MADISON, WI, February 23, 2009--The practice of no-till has increased considerably during the past 20 yr. Soils under no-till usually host a more abundant and diverse biota and are less prone to erosion, water loss, and structural breakdown than tilled soils. Their organic matter content is also often increased and consequently, no-till is proposed as a measure to mitigate the increase in atmospheric carbon dioxide concentration.
Using data from the satellite-based MIPAS and GOME-2 instruments, scientists have for the first time detected important bromine species in the atmosphere. These new measurements will help scientists to better understand sources of ozone-depleting species and to improve simulations of stratospheric ozone chemistry.
DURHAM, N.C. -- Ancient groundwater being tapped by Jordan, one of the 10 most water-deprived nations in the world, has been found to contain twenty times the radiation considered safe for drinking water in a new study by an international team of researchers.
"The combined activities of 228 radium and 226 radium – the two long-lived isotopes of radium – in the groundwater we tested are up to 2000 percent higher than international drinking standards," said Avner Vengosh, associate professor of earth and ocean sciences in the Nicholas School of the Environment at Duke University.
WASHINGTON—Researchers are exploring extreme conditions for life in a place not known for extremes.
Flying twin-engine light aircraft the equivalent of several trips around the globe and establishing a network of seismic instruments across an area the size of Texas, a U.S.-led, international team of scientists has not only verified the existence of a mountain range that is suspected to have caused the massive East Antarctic Ice Sheet to form, but also has created a detailed picture of the rugged landscape buried under more than four kilometers (2.5 miles) of ice.
Alexandria, VA – The American Geological Institute (AGI) Workforce Program has released the third chapter, entitled Geoscience Employment Sectors, of the Status of the Geoscience Workforce report. Chapters 1, 2, and 3 of this report are now available through the AGI website at http://www.agiweb.org/workforce/.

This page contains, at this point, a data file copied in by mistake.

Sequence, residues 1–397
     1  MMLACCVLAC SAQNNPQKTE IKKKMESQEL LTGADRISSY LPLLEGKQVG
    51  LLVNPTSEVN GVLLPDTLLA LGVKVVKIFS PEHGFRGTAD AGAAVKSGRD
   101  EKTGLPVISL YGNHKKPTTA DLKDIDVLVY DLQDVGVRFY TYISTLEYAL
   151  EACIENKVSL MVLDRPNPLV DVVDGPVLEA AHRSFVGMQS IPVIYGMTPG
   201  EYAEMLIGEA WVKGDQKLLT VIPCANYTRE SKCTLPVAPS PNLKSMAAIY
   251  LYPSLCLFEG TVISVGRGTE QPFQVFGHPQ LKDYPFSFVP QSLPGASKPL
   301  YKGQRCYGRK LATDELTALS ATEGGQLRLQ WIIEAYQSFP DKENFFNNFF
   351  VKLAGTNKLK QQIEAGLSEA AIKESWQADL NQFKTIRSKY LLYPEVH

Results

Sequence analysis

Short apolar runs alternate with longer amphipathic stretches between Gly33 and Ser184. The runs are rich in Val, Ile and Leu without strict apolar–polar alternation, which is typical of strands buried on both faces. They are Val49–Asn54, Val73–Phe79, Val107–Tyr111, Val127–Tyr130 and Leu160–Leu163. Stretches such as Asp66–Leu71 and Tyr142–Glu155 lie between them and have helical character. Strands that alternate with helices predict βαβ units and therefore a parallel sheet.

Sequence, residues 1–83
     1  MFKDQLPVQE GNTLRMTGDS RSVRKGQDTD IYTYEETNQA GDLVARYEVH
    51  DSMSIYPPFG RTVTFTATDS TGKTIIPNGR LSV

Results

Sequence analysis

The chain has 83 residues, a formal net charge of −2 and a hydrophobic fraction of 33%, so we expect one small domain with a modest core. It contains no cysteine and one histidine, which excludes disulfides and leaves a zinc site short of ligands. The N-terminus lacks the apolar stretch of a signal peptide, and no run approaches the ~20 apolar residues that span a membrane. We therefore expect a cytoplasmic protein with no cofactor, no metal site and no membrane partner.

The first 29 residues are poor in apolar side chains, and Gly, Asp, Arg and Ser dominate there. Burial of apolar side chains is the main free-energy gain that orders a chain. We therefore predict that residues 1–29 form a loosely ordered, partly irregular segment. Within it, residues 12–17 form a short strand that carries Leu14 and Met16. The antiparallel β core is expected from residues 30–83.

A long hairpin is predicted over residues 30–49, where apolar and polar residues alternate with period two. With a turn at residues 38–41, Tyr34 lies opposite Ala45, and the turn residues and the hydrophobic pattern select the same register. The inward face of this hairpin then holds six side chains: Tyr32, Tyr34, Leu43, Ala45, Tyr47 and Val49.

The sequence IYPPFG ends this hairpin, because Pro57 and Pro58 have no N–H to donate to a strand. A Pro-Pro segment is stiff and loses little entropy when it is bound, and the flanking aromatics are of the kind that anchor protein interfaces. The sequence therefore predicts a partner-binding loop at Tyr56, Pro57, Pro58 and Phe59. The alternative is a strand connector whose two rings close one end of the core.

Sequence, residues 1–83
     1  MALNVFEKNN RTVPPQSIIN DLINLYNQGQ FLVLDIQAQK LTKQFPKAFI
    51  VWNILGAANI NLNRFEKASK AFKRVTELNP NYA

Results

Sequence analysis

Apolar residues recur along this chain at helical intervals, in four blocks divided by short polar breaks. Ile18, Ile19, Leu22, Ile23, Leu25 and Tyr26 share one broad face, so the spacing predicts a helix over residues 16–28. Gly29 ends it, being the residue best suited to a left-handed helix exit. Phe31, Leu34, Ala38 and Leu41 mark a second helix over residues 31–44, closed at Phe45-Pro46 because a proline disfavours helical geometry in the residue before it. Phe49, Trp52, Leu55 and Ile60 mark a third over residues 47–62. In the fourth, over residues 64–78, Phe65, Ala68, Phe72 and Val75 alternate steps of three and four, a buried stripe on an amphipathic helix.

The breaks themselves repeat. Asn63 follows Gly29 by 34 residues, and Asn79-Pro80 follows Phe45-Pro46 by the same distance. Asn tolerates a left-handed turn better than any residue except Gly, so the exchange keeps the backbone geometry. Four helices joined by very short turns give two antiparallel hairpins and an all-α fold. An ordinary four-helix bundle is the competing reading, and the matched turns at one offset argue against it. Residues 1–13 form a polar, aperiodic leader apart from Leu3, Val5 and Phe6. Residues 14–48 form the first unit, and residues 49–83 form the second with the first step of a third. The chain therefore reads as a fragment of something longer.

WEST LAFAYETTE, Ind. - A Purdue University researcher has found a way to get more bang for fewer bucks when it comes to processing cellulosic material to make ethanol.
By shredding corn stover instead of chopping, as is commonly done, about 40 percent less energy is needed to gain access to more of the material stored in the plant. Dennis Buckmaster, an associate professor of agricultural and biological engineering, said that by shredding corn stover there is better access to cellulose, which is the main part of plant cell walls necessary to make ethanol.
MOSS LANDING, CA — Researchers at the Monterey Bay Aquarium Research Institute recently solved the half-century-old mystery of a fish with tubular eyes and a transparent head. Ever since the "barreleye" fish Macropinna microstoma was first described in 1939, marine biologists have known that it's tubular eyes are very good at collecting light. However, the eyes were believed to be fixed in place and seemed to provide only a "tunnel-vision" view of whatever was directly above the fish's head.
Climatologists at the NASA Goddard Institute for Space Studies (GISS) in New York City have found that 2008 was the coolest year since 2000. The GISS analysis also showed that 2008 is the ninth warmest year since continuous instrumental records were started in 1880.
The ten warmest years on record have all occurred between 1997 and 2008.
TORONTO, ON – Severe fires in Indonesia – responsible for some of the worst air quality conditions worldwide – are linked not only to drought, but also to changes in land use and population density, according to a new study in Nature Geoscience led by Robert Field of the University of Toronto.